## A Visual Guide to Graham’s Scan

Graham’s scan is a method for finding the convex hull that encompasses all points on the plane. Below you’ll see an example of a convex hull.

Graham’s scan starts by finding the point with the lowest y coordinate. If there are multiple points on the y-coordinate, the point with the smallest x-value is chosen. The points are sorted by polar angles in counterclockwise rotation. Graham’s scan utilizes the stack. Points are pushed onto the stack. If the point is not part of the convex hull, the point is popped from the stack. Let’s look at an example.

We have a set of points. It’s clear which point has the lowest y-coordinate value.

From there, points are ordered in increasing angle.

Now we can follow Graham’s scan to find out which points create the convex hull. Point 0 is pushed onto the stack.

Point 1 is pushed onto the stack immediately after.

The next point to be added to the stack is 2. A line is made from point 1 to
point 2.

Whenever a left turn is made, the point is presumed to be part of the convex hull. We can clearly see a left turn being made to reach 2 from point 1. To get to point 3, another left turn is made. Currently, point 3 is part of the convex hull. A line segment is drawn from point 2 to 3 and 3 is pushed onto the stack.

We make a right turn going to point 4. We’ll draw the line to point 4 but will not push it onto the stack.

Whenever a right turn is made, Graham’s scan algorithm pops the previous value from the stack and compares the new value with the top of the stack again. In this case, we’ll pop 3 from the top of the stack and we’ll see if going from point 2 to point 4 creates a left bend. In this case it does, so we’ll draw a line segment from 2 to 4 and push 4 onto the stack.

Since going from 4 to 5 creates a left turn, we’ll push 5 onto the stack. Point 5 is currently part of the convex hull.

Moving from point 5 to 6 creates a left-hand turn, so we’ll push 6 onto the stack. Point 6 is currently part of the convex hull.

To get to point 7, we must make a right-hand turn at 6.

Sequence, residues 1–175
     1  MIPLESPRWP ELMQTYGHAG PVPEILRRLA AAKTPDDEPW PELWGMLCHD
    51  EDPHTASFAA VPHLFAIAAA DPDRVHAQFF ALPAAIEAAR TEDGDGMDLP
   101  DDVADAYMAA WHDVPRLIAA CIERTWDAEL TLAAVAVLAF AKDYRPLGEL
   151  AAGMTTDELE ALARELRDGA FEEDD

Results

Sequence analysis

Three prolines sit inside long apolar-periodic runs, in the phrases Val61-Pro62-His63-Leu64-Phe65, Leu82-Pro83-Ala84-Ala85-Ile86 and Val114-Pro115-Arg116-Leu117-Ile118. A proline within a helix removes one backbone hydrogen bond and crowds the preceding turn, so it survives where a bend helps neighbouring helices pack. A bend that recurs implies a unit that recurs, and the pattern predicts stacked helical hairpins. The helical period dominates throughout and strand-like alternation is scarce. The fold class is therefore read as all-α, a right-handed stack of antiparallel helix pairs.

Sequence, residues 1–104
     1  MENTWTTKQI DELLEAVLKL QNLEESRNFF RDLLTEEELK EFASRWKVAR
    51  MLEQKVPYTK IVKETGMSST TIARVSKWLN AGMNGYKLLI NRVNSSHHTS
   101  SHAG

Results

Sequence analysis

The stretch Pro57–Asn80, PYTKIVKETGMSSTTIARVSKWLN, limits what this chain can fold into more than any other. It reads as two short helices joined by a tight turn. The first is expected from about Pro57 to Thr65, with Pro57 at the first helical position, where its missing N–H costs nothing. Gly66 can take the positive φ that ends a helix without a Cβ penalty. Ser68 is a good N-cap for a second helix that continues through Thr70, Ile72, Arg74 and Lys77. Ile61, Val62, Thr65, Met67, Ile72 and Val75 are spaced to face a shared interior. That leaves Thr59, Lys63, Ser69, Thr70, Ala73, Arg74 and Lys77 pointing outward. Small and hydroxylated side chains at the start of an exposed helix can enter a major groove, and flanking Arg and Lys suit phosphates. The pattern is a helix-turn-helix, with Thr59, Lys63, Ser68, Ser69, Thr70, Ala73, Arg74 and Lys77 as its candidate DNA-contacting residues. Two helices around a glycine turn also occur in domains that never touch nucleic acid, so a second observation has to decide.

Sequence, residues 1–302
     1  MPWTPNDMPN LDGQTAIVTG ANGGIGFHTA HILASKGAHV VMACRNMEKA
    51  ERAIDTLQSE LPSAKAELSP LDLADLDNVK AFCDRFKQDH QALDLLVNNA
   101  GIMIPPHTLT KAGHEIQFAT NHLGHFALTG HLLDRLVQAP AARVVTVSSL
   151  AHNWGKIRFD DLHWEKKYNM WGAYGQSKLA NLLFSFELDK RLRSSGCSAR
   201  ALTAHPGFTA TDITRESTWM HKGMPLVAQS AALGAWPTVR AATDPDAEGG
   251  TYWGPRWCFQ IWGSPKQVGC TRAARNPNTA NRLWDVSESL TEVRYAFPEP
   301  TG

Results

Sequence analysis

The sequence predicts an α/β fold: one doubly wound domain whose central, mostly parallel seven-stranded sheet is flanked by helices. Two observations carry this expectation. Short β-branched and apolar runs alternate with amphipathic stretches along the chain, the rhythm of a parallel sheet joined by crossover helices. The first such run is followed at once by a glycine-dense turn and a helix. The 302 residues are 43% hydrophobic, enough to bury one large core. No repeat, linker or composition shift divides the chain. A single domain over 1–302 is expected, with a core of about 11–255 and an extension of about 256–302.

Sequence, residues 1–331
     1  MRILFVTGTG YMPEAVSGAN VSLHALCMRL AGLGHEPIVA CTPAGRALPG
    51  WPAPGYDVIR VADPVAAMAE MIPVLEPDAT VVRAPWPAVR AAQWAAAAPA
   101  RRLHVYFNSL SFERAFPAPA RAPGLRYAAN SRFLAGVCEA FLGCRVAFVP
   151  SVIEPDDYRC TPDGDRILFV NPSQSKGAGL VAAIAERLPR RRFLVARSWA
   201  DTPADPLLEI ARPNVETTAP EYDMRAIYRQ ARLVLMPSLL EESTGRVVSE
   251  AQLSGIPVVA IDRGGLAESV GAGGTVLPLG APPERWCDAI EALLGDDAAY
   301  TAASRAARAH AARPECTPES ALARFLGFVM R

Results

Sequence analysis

Point 6 is popped from the stack and the turn is examined from point 5 to point 7. Since we make a left hand turn from point 5 to point 7, we push point 7 onto the stack.

We attempt to push point 8 onto the stack. To get to point 8, we make a left at point 7, therefore point 8 is added to the stack. Point 8 is currently part of the convex hull.

Going to point 9 requires a right-hand turn at point 8.

Since there’s a right-hand turn, point 8 is popped from the stack and point 9 is compared with point 7.

To get to point 9 from point 7 requires another right-turn, so we pop point 7 from the stack too and compare point 9 to point 5. We make a left-hand turn at point 5 to get to point 9, so 9 is pushed onto the stack.

Next, we make a left turn to get to point 10. Point 10 is currently part of the convex hull.

A right turn is required to get to point 11 from point 10.

Since a right turn is taken at point 10, point 10 is popped from the stack and the path to point 10 from point 9 is examined. Since a left turn is made at point 9 to get to point 11, point 11 is pushed onto the stack.

A left turn is made at point 11 to get to point 12. Point 12 is therefore pushed onto the stack and is currently considered part of the convex hull.

A right turn is required to go to point 13 from point 12.

Point 12 is popped from the stack and the path to point 13 from point 11 is examined. Since a left turn is made at point 11, point 13 is pushed onto the stack.

A left turn is made at point 13 to get to point 14, so point 14 is pushed onto the stack.

A right turn is required to go from point 14 to point 15.

Since a right turn was made at point 14, point 14 is popped from the stack. The path to point 15 from point 13 is examined next. A left turn is made at point 13 to get to point 15, so point 15 is pushed onto the stack.

Going from point 15 to the starting point 0 requires a left turn. Since the initial point was the point that we needed to reach to complete the convex hull, the algorithm ends.

The points that are needed to create the convex hull are

0–1–2–4–5–9–11–13–15.

If you liked what you read, check out my book, An Illustrative Introduction to Algorithms.